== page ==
Special to AFN

Many athletes dream of representing their country at the top of their sport.

Recently, 2014 Desert Vista High School graduate Joe Underwood did just that at the International Wheelchair Basketball Federation Men’s U23 World Wheelchair Basketball Championship in Toronto, Canada.

“It’s the best opportunity any athlete could ask for,” Underwood said. “Being able to wear USA on your uniform is a dream for so many athletes.”

It’s a dream he has been pursuing since he started playing when he was 8 years old. A family friend recommended Arizona Disabled Sports, a non-profit organization dedicated to providing sports and recreation opportunities for individuals with all types of disabilities.

Underwood played wheelchair basketball throughout high school on a travel team for AZDS.

He represented the U. S. at a World Championship swimming meet in Pasadena, California, the summer before his freshman year at the University of Missouri.

It was at Mizzou that he met his current coach, Ron Lykins.

“He has been the coach for multiple USA teams and had a lot of influence getting me and my two of my other teammates good enough to try out and make the U23 national team,” Underwood said.

The team qualified for the world championships by going undefeated at the qualifying tournament in Buenos Aires, Argentina.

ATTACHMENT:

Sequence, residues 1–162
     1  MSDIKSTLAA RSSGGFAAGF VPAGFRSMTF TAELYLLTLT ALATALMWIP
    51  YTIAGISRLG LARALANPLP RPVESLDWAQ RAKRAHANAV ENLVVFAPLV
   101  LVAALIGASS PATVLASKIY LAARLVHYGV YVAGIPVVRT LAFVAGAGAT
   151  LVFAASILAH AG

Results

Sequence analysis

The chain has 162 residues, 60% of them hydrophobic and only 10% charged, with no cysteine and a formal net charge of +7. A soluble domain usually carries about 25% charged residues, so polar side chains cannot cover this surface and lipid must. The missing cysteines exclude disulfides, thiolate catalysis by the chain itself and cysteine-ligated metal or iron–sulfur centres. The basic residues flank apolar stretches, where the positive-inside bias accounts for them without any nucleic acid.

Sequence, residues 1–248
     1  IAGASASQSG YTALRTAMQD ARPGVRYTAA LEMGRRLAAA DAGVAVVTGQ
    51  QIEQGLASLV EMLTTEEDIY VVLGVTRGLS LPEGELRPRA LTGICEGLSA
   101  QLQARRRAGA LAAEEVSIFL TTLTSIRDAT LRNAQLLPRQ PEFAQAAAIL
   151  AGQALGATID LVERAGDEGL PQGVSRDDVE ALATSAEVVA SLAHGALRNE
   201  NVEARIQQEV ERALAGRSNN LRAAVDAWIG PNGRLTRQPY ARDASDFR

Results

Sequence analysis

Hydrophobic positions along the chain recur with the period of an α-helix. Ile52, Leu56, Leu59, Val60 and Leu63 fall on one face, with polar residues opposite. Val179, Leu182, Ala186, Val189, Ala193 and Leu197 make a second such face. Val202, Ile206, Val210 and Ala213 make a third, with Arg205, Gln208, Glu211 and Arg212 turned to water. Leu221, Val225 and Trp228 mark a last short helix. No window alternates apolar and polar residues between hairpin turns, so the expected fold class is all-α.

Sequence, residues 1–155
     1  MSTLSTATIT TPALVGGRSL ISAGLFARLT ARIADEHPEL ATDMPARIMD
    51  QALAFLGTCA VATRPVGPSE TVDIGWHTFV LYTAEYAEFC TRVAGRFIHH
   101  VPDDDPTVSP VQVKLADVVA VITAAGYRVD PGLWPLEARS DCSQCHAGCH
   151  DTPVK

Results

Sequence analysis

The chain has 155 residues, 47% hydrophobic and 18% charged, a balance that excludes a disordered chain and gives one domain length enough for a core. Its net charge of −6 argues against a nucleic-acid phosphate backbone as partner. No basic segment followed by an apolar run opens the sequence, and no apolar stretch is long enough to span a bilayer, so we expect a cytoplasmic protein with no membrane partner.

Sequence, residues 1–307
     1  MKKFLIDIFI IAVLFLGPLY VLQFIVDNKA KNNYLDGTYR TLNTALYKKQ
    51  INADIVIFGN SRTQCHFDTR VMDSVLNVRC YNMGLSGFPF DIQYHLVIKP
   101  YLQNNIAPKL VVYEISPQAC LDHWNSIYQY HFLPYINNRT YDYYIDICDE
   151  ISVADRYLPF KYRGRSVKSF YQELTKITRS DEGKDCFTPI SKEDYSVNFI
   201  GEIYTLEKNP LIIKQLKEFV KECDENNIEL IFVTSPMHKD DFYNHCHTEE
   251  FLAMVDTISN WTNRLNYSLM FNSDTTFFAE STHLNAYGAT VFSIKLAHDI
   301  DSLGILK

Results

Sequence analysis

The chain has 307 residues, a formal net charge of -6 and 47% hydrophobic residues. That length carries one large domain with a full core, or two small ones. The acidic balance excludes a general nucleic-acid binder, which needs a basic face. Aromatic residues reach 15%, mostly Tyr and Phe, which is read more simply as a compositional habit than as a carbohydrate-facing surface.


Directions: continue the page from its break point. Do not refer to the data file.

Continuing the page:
Unfortunately, the team’s time in Toronto did not go as well for the United States representatives.

The team lost to Great Britain, then fell to Germany, Japan, and France.

The U.S. team left Toronto on a high note with double-digit victories in its final two games. It defeated Italy by a score of 65-48, and blew out South Africa 76-17.

Underwood learned a valuable lesson.

“It was definitely a learning experience I would say,” Underwood said. “Going against those guys made me realize how much I still have to work on.”

Underwood is a psychology major and is also pursuing a minor in Spanish. But, his dreams don’t stop there.

“I plan to get a master’s and PhD in counseling psychology with an emphasis in sports psychology,” he explained.  “I want to be a sports psychologist after school.”

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